Upstream Ag Insights - April 23rd 2023
Essential news and analysis for agribusiness leaders
Welcome to the 165th Edition of Upstream Ag Insights!
Index for the week:
Harpe Bioherbicide Solutions, Inc. Closes New Investment Round, Including ADM
GROWERS, Koch Agronomic Services Join Forces
Pivot Bio N-OVATOR™ Program Launches
CropX Closes $30m Series C
We Didn’t Produce This Much Only to Produce This Much + The Case for AgARDA
Ginkgo Bioworks and Syngenta Seeds Announce Collaboration to Develop New Traits for the Next Generation of Seed Technology
SYNAP is the New Corporate Brand of the Syngenta Commerce Platform
Winning in the Ag Machinery Space: Integrated Tech Stacks and Precision Technology
Association of Equipment Manufacturers 2023 Economic Impact Report
The Future of Ag Equipment Financing
John Deere 2023 Tech Summit Recap
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Harpe Bioherbicide Solutions, Inc., an agricultural technology company focused on providing natural and sustainable herbicide solutions, today announced a $10.5 million round of fundraising, led by ADM. Follow-on investments in the oversubscribed round included iSelect Fund Management and Alexandria Investment Ventures as well as company leadership and private agricultural industry investors.
The raise from Harpe Bioherbicide Solutions this week is notable for a couple of reasons:
The company has a bioherbicide with unique modes of action.
ADM invested in the early-stage bioherbicide company.
Note: The first portion is more science/agronomy based for those wanting to skip to point #2 on ADM.
The bioherbicide is derived from plant extracts, specifically from the mint family.
It is not uncommon for conventional herbicides or insecticides to be derived from plants. For example, pyrethroids, commonly used group 3 insecticides such as deltamethrin, are derived from the dried flower heads of Chrysanthemum cinerariaefolium.
In looking at how the mint family extracts work, I found 3rd party research that identifies numerous extractable components that affect weeds in beta-pinene and menthone. Other 3rd party research shows a host of others:
The exciting part is that even though these can all be pulled from the same plant family, they seemingly have different modes of action. For example, menthone activates a process in plants through which microtubules self-destruct. The pinene triggers “cellular suicide” by acting on actin filaments— a stabilizing component of the cell skeleton. Others have more specific allelopathic signaling effects, mitigating seed germination.
New herbicide modes of action are challenging because many criteria must be met in unison. It must inhibit the target weed at low concentrations while leaving the crop species unaffected at this concentration. It should be producible at a competitive cost and should not be toxic to other organisms. Certain species and extract molecules in the mint family meet that criterion.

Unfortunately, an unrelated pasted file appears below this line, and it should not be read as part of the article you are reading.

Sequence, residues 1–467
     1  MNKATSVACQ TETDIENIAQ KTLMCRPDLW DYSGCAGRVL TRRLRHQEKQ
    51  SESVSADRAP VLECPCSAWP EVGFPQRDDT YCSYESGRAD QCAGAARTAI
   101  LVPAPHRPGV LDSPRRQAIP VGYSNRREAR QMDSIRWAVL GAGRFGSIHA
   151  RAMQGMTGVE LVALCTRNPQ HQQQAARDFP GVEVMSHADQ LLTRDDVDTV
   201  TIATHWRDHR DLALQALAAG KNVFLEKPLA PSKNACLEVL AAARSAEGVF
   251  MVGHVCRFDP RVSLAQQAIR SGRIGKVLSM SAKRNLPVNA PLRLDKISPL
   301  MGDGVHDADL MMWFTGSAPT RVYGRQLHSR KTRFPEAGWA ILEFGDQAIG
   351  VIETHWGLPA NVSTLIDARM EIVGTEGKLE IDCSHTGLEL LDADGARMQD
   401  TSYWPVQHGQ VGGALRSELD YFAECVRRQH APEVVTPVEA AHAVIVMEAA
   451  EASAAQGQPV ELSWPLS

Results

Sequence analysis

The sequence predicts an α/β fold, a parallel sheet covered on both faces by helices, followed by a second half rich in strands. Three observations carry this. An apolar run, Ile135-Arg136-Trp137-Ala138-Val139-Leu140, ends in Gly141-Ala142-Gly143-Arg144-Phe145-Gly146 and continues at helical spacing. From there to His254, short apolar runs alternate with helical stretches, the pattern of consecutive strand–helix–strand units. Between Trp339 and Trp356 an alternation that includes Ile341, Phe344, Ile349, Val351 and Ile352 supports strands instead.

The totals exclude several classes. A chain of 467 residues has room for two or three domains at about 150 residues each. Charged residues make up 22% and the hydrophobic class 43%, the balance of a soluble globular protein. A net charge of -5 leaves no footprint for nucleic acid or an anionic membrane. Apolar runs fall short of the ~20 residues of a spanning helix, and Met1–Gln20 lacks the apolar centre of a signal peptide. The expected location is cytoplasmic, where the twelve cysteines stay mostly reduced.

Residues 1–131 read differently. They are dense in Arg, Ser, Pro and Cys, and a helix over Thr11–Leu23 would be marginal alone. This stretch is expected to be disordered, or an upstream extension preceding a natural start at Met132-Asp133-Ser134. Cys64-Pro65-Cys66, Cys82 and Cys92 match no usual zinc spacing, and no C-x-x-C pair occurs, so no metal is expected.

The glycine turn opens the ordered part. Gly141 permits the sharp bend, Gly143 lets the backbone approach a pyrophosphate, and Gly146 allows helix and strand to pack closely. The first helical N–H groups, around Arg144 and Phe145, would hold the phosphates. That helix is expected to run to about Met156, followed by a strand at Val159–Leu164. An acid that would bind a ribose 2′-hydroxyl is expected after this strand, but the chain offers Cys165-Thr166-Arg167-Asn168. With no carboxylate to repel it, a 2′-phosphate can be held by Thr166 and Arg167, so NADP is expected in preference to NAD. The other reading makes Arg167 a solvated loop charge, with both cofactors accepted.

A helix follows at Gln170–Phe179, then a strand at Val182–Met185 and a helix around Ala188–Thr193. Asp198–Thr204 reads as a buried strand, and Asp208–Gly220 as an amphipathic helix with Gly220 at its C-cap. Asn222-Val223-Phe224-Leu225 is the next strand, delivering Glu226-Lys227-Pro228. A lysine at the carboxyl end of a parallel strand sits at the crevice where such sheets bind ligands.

The science behind Harpe is promising, with one of the biggest challenges in reading the journal articles being formulation and active ingredient delivery which is an area to cover more in depth in Upstream in the future.
That leads us to ADM being involved as point #2.
ADM has an active venture investment team. In reading the press release, this was not an investment made by their VC group but by the operating business itself, as the quote in the release comes from the “vice president of commercial development for ADM's mint business.”
In the Farm Progress article, there is a quote from the Harpe CEO, Bill Buckner:
The key is having enough mint to mass-produce the product. Buckner notes the company will be looking at global suppliers. “We also have the option of sourcing synbio versions of the necessary molecules.”
ADM is a vertically integrated market leader in the mint space, with their mint varieties accounting for approximately 20% of the US market:
Years ago, we had the foresight to invest in a robust plant science program to help create hearty plant varieties that were resistant to disease, as a way to preserve mint farming in the U.S.
They are integrated into processing and delivering a final product to end-user companies.
Growing the use case for mint and the demand for their varieties and processing capabilities—or the ability to tweak varieties specifically to produce more specific active ingredient molecules- is a great way to drive their mint business long term so they want to see Harpe become successful.
At the same time, if Harpe wants to scale, they need steady and relatively inexpensive access to the raw product. This is especially true if they were ever to get acquired by an agriculture incumbent— a route to scaled production makes them more valuable.
That makes for a powerful alignment between these two groups coming together.
The last part of the CEO’s quote is on “synbio,” which is notable too, which you can read more on in the story on Gingko Bioworks and Syngenta.
2. GROWERS, Koch Agronomic Services Join Forces - GROWERS
GROWERS is delighted to announce Koch Agronomic Services (KAS) will leverage the GROWERS' platform to introduce farmers to KAS's product portfolio. KAS will utilize the unique functionality of The GROWERS App to promote companion and alternative products to farmers as they research inputs to purchase and conduct comparisons of different brands. Farmers can learn more about those products and add them to a product request to be sent directly to their retail partners through The GROWERS App.
Several announcements like this have been in North America over the past few years, including from CommoditAg and Agro.Club.
What can we learn from them?